Friday in February, Highway 316
One cannot speak of American culture without referencing its full embrace of the automobile and the endless ways it has shaped American geography, architecture, and social structures. In a country where it is almost impossible to live without a car, I feel that the interstate has become the public space of our time, not the town square, not the internet. Curiously, most people choose to drive their own car rather than take public transportation. Perhaps they are acting out of a deep-seated desire to avoid interaction with strangers, preferring privacy and the ability to control their immediate environment. But the truth is, our windowed vehicles create only the illusion of privacy. Car interiors are a rare space - at once both private and public. And while people may tune out the outside world; deep in self-reflection or absorbed in the dramas or minutiae of life playing out in their car, just as often they feel compelled to look at each car they pass, curiously searching for momentary glimpses of fellow travelers and the details that can reveal their personal stories.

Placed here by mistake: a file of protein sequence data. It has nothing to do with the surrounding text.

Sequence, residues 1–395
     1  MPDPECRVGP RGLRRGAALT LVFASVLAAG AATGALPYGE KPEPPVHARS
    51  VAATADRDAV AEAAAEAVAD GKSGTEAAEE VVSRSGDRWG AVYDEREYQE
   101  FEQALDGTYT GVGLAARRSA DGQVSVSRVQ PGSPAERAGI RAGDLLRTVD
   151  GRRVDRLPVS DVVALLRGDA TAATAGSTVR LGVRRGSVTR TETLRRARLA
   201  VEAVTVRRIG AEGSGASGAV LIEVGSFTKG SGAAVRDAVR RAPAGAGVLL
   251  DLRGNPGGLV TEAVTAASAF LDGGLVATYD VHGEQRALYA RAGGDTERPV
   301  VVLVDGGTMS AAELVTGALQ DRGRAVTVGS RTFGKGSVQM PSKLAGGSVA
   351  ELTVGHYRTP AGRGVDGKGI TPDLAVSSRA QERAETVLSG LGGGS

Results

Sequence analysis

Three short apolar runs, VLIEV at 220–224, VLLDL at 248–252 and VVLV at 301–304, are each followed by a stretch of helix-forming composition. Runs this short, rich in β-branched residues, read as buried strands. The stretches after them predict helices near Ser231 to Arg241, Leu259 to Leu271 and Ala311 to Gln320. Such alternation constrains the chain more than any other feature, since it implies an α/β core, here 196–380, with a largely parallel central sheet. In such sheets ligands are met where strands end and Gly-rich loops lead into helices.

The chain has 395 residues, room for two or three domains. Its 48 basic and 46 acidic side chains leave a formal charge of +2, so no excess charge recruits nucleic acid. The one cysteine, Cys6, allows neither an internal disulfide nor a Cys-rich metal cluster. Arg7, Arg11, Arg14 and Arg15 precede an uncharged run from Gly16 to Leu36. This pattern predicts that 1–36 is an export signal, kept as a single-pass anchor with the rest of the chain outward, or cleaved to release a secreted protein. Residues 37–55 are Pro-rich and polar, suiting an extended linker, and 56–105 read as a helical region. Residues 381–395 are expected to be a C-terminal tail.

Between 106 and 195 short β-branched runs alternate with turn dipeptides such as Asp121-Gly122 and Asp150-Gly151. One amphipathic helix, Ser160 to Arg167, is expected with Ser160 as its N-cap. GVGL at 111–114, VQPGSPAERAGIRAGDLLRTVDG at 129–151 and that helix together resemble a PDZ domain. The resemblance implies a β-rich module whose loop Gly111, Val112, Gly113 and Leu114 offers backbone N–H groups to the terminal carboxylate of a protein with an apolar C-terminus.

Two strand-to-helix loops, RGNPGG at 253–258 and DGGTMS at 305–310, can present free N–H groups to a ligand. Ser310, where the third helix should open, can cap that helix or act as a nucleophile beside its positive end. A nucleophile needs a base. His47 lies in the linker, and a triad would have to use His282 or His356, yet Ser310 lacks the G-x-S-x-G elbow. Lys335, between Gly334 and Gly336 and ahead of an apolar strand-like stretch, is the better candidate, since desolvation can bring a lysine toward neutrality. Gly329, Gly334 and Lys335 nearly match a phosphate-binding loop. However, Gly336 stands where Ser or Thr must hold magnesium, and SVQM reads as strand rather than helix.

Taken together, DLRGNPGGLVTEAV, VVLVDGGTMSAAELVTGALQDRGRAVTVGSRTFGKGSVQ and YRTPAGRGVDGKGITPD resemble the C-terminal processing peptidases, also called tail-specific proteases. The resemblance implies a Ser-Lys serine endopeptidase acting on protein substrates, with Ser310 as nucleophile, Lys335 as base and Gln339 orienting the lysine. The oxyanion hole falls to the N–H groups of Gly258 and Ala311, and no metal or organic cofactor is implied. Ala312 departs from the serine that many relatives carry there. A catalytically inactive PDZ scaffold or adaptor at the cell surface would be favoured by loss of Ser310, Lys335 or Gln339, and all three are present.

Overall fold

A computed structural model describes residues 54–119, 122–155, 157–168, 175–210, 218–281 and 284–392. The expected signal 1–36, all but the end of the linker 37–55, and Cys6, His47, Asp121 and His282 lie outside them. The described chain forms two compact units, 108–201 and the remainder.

Since 2014, I’ve been taking portraits of interstate drivers and passengers acting out this paradoxical desire for both isolation and connection. I am purposefully invading this space, not just with my gaze but with the camera lens, penetrating the illusion of privacy and separation and recording their reaction or self-absorption. This provocative action brings awareness to a disturbing drift I see in contemporary interactions – a move away from connection and toward ever-increasing time in isolation. This tendency has been accelerated by the practical necessities of the COVID pandemic. “In Passing” seeks to draw attention to what is an unnatural way of being for such social animals.